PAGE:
Distraction helped me--I ate a by-the-book healthy meal from my nutritionist and then did homework or watched jeopardy or something. The distraction that helped the most was talking to my mom or dad, and trying to talk about something other than food. Listen to NPR--it gives you things to talk about. Try to notice when opening up about how to feel stops helping and starts you on a destructive spiral. Do some deep breathing.
What is such a kick in the pants is that during this time, your body holds on to what looks and feels like alot of weight--and sometimes in really strange places (sometimes your arms stay skinny and your tummy feels huge, or something like that). Also--the weight feels heavy and jiggly. THIS *****. It was very difficult for me to keep on with recovery through this part and I fell back into bad habits several times.
Just as you learn to respect your body, you have to learn how to respect food too. You respect your body, so you feed it vegetables and protein to keep it strong. You exercise for the same reasons--NOT to punish yourself. If you want sweets, eat them with respect. Savor one scoop of ice cream. Have one square of chocolate. That kind of thing. It is definitely a mindset that takes a while to become natural.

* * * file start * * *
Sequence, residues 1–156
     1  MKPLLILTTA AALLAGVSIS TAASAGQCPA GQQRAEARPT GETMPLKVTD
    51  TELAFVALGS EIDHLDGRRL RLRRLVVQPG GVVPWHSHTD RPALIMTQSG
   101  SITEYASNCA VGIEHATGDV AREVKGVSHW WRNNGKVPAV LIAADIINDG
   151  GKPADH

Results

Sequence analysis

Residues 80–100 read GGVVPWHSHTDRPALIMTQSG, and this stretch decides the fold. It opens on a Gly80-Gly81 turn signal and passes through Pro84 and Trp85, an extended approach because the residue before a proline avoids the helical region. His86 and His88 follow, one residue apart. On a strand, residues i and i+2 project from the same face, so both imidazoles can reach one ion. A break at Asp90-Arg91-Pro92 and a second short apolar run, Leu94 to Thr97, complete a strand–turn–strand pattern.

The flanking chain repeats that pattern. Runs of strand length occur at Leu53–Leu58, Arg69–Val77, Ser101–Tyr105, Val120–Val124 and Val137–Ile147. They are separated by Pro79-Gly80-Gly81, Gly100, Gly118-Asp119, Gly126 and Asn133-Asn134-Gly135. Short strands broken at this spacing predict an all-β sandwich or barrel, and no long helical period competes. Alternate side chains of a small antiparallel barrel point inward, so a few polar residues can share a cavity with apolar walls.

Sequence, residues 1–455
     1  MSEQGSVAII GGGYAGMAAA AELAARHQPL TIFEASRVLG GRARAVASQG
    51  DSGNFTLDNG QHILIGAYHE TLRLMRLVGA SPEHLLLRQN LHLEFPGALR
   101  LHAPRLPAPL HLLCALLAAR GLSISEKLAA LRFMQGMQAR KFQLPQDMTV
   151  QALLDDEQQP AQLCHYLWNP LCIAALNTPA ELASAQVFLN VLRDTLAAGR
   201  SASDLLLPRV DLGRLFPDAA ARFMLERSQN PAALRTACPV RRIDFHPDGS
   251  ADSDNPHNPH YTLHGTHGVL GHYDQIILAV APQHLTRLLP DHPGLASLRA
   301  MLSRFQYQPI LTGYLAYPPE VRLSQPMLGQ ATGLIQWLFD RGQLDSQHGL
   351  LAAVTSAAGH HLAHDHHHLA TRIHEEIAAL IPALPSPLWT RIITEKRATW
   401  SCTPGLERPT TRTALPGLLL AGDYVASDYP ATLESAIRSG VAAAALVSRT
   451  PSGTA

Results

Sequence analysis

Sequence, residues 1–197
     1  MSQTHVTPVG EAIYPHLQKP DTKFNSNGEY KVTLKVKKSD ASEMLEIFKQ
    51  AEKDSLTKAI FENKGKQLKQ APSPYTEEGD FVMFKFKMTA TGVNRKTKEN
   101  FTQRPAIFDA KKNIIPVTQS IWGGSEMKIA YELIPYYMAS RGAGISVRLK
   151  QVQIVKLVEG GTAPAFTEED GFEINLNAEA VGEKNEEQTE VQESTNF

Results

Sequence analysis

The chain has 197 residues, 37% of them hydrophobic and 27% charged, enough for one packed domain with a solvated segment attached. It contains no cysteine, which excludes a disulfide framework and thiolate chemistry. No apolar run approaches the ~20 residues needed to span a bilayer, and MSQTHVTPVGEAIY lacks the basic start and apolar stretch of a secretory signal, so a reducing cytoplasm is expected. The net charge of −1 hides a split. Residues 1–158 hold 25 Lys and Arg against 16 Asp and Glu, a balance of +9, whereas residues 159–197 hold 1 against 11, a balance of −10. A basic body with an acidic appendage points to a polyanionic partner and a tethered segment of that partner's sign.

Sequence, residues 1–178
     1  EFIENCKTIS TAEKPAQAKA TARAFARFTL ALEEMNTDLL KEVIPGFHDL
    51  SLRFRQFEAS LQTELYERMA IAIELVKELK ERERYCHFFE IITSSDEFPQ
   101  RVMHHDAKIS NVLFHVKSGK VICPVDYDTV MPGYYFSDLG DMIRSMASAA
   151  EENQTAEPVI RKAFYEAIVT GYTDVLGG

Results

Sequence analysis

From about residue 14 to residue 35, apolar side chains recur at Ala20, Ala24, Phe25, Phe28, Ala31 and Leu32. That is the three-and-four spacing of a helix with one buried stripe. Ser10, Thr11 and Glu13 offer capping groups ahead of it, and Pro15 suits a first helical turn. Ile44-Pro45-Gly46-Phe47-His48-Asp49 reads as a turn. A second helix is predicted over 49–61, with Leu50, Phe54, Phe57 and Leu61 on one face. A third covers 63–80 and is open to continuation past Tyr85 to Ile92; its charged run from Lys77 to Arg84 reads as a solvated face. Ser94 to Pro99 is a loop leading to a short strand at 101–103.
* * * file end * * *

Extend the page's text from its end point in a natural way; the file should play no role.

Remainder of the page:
But as someone who just took one day at a time and kept to it, I can tell you that your mind and body will sort themselves out as long as you keep going--AND THEY WILL NOT IF YOU DO NOT. Your biggest weapon is patience. Your most powerful move is consistance. You don't have to be a slave to your anxieties (by disordered eating and self loathing)--it's a hell of a fight, but as someone who can cause so much destruction in the first place (hey-I'm that person too)--I'll bet you've got the strength to do it.